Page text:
Mt. Rushmore was also featured in National Treasure: Book of Secrets. In the movie, the monument was constructed to hide the City of Gold.[37]
Report Spam   Logged
Shonnon
Superhero Member
******
Posts: 4545



« Reply #23 on: December 10, 2012, 05:49:59 pm »

Notes and references

    ^ Mount Rushmore National Memorial. December 6, 2005.60 SD Web Traveler, Inc. Retrieved April 7, 2006.
    ^ McGeveran, William A. Jr. et al. (2004). The World Almanac and Book of Facts 2004. New York: World Almanac Education Group, Inc. ISBN 0-88687-910-8.
    ^ a b Mount Rushmore, South Dakota (November 1, 2004). Peakbagger.com. Retrieved March 13, 2006.
    ^ Penn & Teller: bulls**t!, episode 5x08 "Mount Rushmore", May 10, 2007
    ^ "Making Mount Rushmore | Mount Rushmore". Oh, Ranger!. Retrieved October 31, 2012.
    ^ a b c "Mount Rushmore National Memorial Frequently Asked Questions". National Park Service. Retrieved December 2, 2009.
    ^ a b "Mount Rushmore Park Home". National Park Service. Retrieved April 8, 2012.
    ^ Belanger, Ian A. et al. "Mt. Rushmore — presidents on the rocks" at the Wayback Machine (archived May 14, 2006)
    ^ Keystone Area Historical Society Keystone Characters. Retrieved October 3, 2006.
    ^ "Honeycombing process explained from". nps.gov. 2004-06-14. Archived from the original on 2008-08-01. Retrieved 2010-03-20.
    ^ "Geology Fieldnotes". nps.gov. 2005-01-04. Retrieved 2010-10-22.
    ^ a b "People & Events: The Carving of Stone Mountain". American Experience. PBS. Retrieved 17 March 2010.
    ^ a b c d e Carving History (October 2, 2004). National Park Service.
    ^ Fite, Gilbert C. Mount Rushmore (May 2003). ISBN 0-9646798-5-X, the standard scholarly study.
    ^ a b Albert Boime, "Patriarchy Fixed in Stone: Gutzon Borglum's 'Mount Rushmore'," American Art, Vol. 5, No. 1/2. (Winter – Spring, 1991), pp. 142–67.
    ^ a b American Experience "Timeline: Mount Rushmore" (2002). Retrieved March 20, 2006.
    ^ Mount Rushmore National Memorial.
    ^ Mount Rushmore National Memorial. Tourism in South Dakota. Laura R. Ahmann. Retrieved March 19, 2006.
    ^ Mount Rushmore National Memorial. Outdoorplaces.com. Retrieved June 7, 2006.
    ^ "George Bush: Remarks at the Dedication Ceremony of the Mount Rushmore National Memorial in South Dakota". The American Presidency Project. July 3, 1991. Retrieved November 1, 2012.
    ^ "Hall of Records". Mount Rushmore National Memorial web site. National Park Service. 2004-06-14. Archived from the original on 2007-10-11. Retrieved 2007-07-04.
    ^ "For Mount Rushmore, An Overdue Face Wash". Washington Post. 11 July 2005. Retrieved 17 March 2010.
    ^ Matthew Glass, "Producing Patriotic Inspiration at Mount Rushmore," Journal of the American Academy of Religion, Vol. 62, No. 2. (Summer, 1994), pp. 265–283.
    ^ David Melmer (13 December 2004). "Historic changes for Mount Rushmore". Indiancountrytoday. Archived from the original on 2010-08-08. Retrieved 17 March 2010.
    ^ Lame Deer, John (Fire) and Richard Erdoes. Lame Deer Seeker of Visions. Simon and Schuster, New York, New York, 1972. Paperback ISBN 0-671-55392-5
    ^ "Gutzon Borglum, The Story of Mount Rushmore". Ralphmag.org. Retrieved 17 March 2010.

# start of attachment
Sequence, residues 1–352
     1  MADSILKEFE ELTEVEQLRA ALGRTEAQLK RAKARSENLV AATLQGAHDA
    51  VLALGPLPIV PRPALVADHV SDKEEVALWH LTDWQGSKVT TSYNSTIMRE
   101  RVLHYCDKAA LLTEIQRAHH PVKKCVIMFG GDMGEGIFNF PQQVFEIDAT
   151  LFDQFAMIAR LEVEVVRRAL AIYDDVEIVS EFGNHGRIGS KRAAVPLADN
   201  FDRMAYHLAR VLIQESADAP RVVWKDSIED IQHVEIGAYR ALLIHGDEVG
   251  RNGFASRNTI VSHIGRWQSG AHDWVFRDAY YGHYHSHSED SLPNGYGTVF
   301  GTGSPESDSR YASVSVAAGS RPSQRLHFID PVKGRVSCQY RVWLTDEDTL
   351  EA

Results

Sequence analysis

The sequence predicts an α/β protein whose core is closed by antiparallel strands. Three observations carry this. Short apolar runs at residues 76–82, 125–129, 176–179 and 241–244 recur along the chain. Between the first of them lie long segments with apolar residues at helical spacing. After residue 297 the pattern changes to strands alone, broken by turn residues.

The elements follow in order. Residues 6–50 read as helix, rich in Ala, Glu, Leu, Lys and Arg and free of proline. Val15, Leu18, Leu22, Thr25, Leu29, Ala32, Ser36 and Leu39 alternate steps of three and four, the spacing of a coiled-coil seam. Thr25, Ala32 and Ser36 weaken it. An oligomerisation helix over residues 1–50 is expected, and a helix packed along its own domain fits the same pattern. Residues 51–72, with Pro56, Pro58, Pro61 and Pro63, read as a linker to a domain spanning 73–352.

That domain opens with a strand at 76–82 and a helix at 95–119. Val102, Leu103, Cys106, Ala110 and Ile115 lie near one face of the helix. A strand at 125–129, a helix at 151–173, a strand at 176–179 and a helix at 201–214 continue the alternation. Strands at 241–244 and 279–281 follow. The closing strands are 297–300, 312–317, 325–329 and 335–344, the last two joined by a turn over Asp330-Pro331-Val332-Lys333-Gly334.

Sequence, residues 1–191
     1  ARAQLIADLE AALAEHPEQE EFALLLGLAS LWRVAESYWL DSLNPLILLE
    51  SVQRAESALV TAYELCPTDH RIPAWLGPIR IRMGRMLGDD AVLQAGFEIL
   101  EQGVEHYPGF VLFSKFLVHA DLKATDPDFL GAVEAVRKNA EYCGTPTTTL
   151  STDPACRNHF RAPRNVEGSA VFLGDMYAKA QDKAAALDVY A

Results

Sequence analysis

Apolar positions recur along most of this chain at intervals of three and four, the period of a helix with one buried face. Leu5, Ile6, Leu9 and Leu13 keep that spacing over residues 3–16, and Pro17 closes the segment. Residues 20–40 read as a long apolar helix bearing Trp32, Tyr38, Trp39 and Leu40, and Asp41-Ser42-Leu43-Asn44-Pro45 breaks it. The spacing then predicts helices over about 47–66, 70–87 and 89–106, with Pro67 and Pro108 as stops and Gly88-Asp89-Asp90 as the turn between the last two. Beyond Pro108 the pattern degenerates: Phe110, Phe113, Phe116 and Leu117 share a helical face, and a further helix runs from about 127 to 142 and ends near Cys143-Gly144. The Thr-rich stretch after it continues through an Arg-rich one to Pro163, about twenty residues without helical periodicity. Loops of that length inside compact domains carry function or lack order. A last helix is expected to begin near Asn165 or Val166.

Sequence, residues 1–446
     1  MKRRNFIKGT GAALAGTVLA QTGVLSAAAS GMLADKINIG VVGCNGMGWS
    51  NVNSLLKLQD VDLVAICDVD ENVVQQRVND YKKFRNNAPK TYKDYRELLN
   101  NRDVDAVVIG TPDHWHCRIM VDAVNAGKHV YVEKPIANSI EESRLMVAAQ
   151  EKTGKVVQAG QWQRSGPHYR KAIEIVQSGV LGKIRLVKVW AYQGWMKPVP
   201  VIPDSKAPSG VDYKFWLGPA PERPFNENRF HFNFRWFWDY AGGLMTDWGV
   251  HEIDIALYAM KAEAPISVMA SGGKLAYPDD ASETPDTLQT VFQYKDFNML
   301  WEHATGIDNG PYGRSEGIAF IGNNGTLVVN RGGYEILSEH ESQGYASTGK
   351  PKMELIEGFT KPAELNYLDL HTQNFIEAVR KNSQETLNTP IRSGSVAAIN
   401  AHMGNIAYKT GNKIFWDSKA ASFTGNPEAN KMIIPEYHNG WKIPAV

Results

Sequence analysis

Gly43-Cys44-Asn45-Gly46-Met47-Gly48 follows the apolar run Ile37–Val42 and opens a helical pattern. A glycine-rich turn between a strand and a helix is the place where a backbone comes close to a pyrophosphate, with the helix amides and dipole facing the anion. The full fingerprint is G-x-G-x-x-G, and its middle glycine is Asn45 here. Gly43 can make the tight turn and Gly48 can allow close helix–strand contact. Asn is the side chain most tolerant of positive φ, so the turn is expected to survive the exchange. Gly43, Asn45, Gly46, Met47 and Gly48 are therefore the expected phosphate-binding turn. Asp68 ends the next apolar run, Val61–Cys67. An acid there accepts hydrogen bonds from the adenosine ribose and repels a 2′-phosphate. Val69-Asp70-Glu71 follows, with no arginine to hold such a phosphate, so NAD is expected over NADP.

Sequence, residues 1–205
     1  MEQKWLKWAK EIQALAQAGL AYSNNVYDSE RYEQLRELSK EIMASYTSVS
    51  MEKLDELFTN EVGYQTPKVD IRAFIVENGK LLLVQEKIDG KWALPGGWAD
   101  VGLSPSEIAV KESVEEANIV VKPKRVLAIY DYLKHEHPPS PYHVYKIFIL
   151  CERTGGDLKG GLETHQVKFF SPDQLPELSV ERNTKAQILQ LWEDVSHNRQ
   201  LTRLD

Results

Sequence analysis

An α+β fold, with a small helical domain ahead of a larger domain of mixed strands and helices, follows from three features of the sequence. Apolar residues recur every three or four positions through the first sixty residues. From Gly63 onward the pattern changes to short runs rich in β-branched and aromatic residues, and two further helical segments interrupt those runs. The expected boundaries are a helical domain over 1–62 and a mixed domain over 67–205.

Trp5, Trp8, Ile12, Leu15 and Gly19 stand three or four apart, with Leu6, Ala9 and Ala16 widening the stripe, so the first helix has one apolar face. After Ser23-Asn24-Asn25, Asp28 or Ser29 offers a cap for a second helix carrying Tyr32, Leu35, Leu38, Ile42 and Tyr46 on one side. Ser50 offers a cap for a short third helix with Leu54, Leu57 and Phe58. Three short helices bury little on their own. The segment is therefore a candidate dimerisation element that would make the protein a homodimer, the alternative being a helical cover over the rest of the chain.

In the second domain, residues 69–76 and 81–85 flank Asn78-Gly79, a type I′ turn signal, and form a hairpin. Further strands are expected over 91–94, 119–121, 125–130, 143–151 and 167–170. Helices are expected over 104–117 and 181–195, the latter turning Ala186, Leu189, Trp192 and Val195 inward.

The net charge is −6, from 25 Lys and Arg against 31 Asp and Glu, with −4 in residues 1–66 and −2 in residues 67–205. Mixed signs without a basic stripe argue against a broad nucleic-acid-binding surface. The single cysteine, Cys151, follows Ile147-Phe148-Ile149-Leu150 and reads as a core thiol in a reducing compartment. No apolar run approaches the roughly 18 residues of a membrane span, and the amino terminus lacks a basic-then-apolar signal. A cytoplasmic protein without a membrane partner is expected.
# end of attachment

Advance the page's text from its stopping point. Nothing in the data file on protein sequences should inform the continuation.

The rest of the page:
^ "UN Probe: U.S. Should Return Stolen Sacred Land, Including Mt. Rushmore, to Native Americans". Democracy Now!. Retrieved 22 May 2012.
    ^ "Nature & Science- Animals". NPS. 26 November 2006. Retrieved 17 March 2010.
    ^ a b Mount Rushmore- Flora and Fauna. American Park Network. URL accessed on March 16, 2006. Web archive link Archived March 17, 2006 at the Wayback Machine
    ^ "Nature & Science – Plants". NPS. 6 December 2006. Retrieved 17 March 2010.
    ^ Nature & Science- Groundwater. National Park Service. Retrieved April 1, 2006.
    ^ Nature & Science- Forests. National Park Service. Retrieved April 1, 2006.
    ^ a b Geologic Activity. National Park Service.
    ^ Irvin, James R. Great Plains Gallery (2001). Retrieved March 16, 2006.
    ^ Barbara Straumann, "Rewriting American Foundational Myths in Alfred Hitchcock's North by Northwest", in Martin Heusser and Gudrun Grabher, American Foundational Myths (2002), p. 201.
    ^ North by Northwest: Hitchcock’s House on Mt. Rushmore. Hookedonhouses.net. Retrieved on 2011-10-06.
    ^ "National Treasure 2: Book Of Secrets Script - Dialogue Transcript". Drew's Script-O-Rama. Retrieved February 18, 2012.

Further reading

    Larner, Jesse. Mount Rushmore: An Icon Reconsidered New York: Nation Books, 2002.
    Taliaferro, John. Great White Fathers: The Story of the Obsessive Quest to Create Mount Rushmore. New York: PublicAffairs, c2002. Puts the creation of the monument into a historical and cultural context.
    The National Parks: Index 2001–2003. Washington: United States Department of the Interio
Report Spam   Logged
Shonnon
Superhero Member
******
Posts: 4545



« Reply #24 on: December 10, 2012, 05:50:32 pm »




Sign near Mt. Rushmore, South Dakota, informing travelers that the Alfred Hithcock film "North by Northwest" was partially filmed in the area
Report Spam   Logged
Shonnon
Superhero Member
******
Posts: 4545



« Reply #25 on: December 10, 2012, 05:51:19 pm »



North by Northwest is a 1959 MGM thriller by Alfred Hitchcock. The film stars Cary Grant, Eva Marie Saint, James Mason, Leo G. Carroll, and Martin Landau.

This image is a screen shot made by user Petrusbarbygere from a public domain movie trailer. Trailers for movies released before 1964 are in the Public Domain, because they were never separately copyrighted.

Licence : http://www.sabucat.com/?pg=copyright
Report Spam   Logged
Shonnon
Superhero Member
******
Posts: 4545



« Reply #26 on: December 10, 2012, 05:52:03 pm »



Report Spam   Logged
Shonnon
Superhero Member
******
Posts: 4545



« Reply #27 on: December 10, 2012, 05:52:31 pm »

Report Spam   Logged
Shonnon
Superhero Member
******
Posts: 4545



« Reply #28 on: December 10, 2012, 05:52:55 pm »

Report Spam   Logged
Shonnon
Superhero Member
******
Posts: 4545



« Reply #29 on: December 10, 2012, 05:53:47 pm »

Report Spam   Logged
Pages: 1 [2] 3 4 5 6 7 8 9   Go Up
  Print  
 
Jump to:  

Powered by EzPortal
Bookmark this site! | Upgrade This Forum
SMF For Free - Create your own Forum
Powered by SMF | SMF © 2016, Simple Machines
Privacy Policy